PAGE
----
Some economists have suggested diverse ways in which the Federal Government can overcome the rising food prices in the country.
They made the suggestions in separate interviews with the News Agency of Nigeria (NAN) on Monday in Lagos.
Food inflation rate in Nigeria rose, month-on-month (MoM) to 2.0 percent in April, from 1.62 percent in January, according to the data from the Nigeria Bureau of Statistics.
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Prof. Ndubisi Nwokoma, Director, Centre for Economic Policy Analysis and Research (CEPAR), University of Lagos, urged government to put a squeeze on credit to the economy by raising rates.
Nwokeoma said that credit squeeze would lead to a tight monetary policy stance.
He noted that could be achieved by increasing the MPR and making credit availability less easy.
According to him, this discourages inflation growth and depreciation of the naira.
“One of the factors driving inflation is the depreciating value of the naira vis-a-vis other foreign currencies; that is the exchange rate.
“This can be curtailed by putting a squeeze on credit to the economy by raising rates. High cost of foreign exchange enhances cost push inflation.
“Second, the level of uncertainty in the economy hampers production of goods and services. This is fueled by insecurity and election year effects, ” said Nwokoma.
Also, Sheriffdeen Tella, Professor of Economics at the Olabisi Onabanjo University, Ago-Ago-Iwoye, Ogun, advised the government to review the macroeconomic policies to promote economic growth through domestic production.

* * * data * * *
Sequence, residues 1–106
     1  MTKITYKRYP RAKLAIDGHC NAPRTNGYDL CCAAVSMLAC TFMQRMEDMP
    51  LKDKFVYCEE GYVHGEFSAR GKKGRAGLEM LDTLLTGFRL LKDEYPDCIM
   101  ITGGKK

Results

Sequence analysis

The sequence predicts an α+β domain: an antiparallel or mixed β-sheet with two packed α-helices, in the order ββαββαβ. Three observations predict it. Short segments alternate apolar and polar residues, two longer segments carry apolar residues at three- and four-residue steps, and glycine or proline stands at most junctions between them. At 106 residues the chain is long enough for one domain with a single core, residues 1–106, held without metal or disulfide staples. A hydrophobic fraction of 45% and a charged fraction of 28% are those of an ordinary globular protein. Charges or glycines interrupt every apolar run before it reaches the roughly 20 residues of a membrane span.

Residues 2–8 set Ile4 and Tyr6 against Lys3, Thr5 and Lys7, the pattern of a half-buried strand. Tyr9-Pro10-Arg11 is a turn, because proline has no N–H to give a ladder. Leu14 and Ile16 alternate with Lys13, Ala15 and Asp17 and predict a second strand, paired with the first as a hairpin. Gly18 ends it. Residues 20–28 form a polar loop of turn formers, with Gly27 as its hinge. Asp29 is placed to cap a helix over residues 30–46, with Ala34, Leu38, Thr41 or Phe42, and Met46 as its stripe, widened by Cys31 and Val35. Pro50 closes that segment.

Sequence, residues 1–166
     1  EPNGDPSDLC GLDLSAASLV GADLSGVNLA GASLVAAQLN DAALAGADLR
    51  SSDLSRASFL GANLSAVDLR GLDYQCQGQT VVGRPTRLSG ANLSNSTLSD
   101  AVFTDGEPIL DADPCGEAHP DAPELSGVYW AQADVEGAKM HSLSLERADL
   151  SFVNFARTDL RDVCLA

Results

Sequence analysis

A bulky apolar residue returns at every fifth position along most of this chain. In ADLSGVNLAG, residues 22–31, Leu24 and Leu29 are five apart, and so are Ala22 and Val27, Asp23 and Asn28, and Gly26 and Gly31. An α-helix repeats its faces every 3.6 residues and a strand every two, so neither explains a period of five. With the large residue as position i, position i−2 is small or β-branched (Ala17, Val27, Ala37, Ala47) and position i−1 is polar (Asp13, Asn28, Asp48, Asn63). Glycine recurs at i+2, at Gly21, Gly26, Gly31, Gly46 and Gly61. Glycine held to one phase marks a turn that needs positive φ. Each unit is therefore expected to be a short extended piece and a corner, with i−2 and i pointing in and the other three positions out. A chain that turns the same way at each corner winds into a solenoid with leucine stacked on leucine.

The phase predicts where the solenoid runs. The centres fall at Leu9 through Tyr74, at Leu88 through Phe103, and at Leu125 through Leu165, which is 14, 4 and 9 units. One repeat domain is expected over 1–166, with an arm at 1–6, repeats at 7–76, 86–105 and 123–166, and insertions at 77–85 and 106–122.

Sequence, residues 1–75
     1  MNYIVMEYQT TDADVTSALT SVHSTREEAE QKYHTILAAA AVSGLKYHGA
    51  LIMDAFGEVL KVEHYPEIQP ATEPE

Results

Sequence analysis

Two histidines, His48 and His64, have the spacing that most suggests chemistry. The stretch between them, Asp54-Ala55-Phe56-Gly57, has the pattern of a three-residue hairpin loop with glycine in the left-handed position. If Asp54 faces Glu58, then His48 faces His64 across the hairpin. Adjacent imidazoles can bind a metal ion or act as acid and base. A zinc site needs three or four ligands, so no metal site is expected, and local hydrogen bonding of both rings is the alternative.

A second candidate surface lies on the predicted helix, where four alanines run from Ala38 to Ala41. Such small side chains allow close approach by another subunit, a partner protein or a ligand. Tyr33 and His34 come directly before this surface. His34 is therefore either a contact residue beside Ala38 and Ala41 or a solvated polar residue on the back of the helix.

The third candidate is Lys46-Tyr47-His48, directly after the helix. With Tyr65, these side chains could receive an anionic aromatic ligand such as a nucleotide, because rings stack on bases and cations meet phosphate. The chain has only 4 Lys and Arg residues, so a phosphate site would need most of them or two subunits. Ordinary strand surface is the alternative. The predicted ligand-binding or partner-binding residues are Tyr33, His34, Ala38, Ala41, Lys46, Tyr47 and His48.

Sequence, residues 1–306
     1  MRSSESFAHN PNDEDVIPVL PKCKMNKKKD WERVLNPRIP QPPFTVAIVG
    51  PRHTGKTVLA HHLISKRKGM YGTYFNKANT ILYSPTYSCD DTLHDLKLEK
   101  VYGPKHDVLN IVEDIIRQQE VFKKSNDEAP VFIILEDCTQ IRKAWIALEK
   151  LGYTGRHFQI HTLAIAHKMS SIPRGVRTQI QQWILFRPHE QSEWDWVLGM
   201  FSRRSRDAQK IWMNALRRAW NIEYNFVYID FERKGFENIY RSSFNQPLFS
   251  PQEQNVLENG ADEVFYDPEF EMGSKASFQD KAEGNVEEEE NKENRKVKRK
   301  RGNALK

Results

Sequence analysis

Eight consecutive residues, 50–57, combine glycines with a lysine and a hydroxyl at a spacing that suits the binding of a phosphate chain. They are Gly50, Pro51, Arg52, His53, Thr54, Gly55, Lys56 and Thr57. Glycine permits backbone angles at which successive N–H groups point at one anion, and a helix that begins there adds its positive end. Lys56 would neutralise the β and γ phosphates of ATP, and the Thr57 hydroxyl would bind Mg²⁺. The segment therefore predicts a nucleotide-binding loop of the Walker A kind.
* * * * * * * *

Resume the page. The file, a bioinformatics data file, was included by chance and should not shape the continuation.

According to him, the current inflation is bad policies induced.
“From the monetary policy side, the financing of budget deficits, particularly financing subsidies by the central bank through printing of money, while from the fiscal side is rising cost of diesel, electricity and rising consumption taxes.
“These affect cost of production, reduction in demand and output. Reduced output means high unit cost which is passed on to selling price.
“Government has to review the macroeconomic policies to promote economic growth through domestic production,” he said.
On his part, Akpan Ekpo, Professor of Economics and Public Policy at the University of Uyo, Akwa Ibom, said there was a need to take advantage of the war between Russia and Ukraine and encourage farmers to produce grains going forward.
“The present surge in prices is due to many factors: farmers are unable to farm because of insecurity; supply chain constraints, government borrowing through ways and means.
“Distortion in the foreign exchange market, imported inflation because of the Russian-Ukraine war, fiscal rascality of government, among others.
“Inflation adversely affects the poor and pensioners since they cannot draw on savings to survive.
“Government should do its utmost best to solve the insecurity so that farmers can produce optimally; palliatives should be given to the poor including retirees who are merely above the poverty line,” he said.
Ekpo said, “While I support a managed exchange rate regime, the gap between the official and black-market rates should be marginal to curtail inflationary pass through.”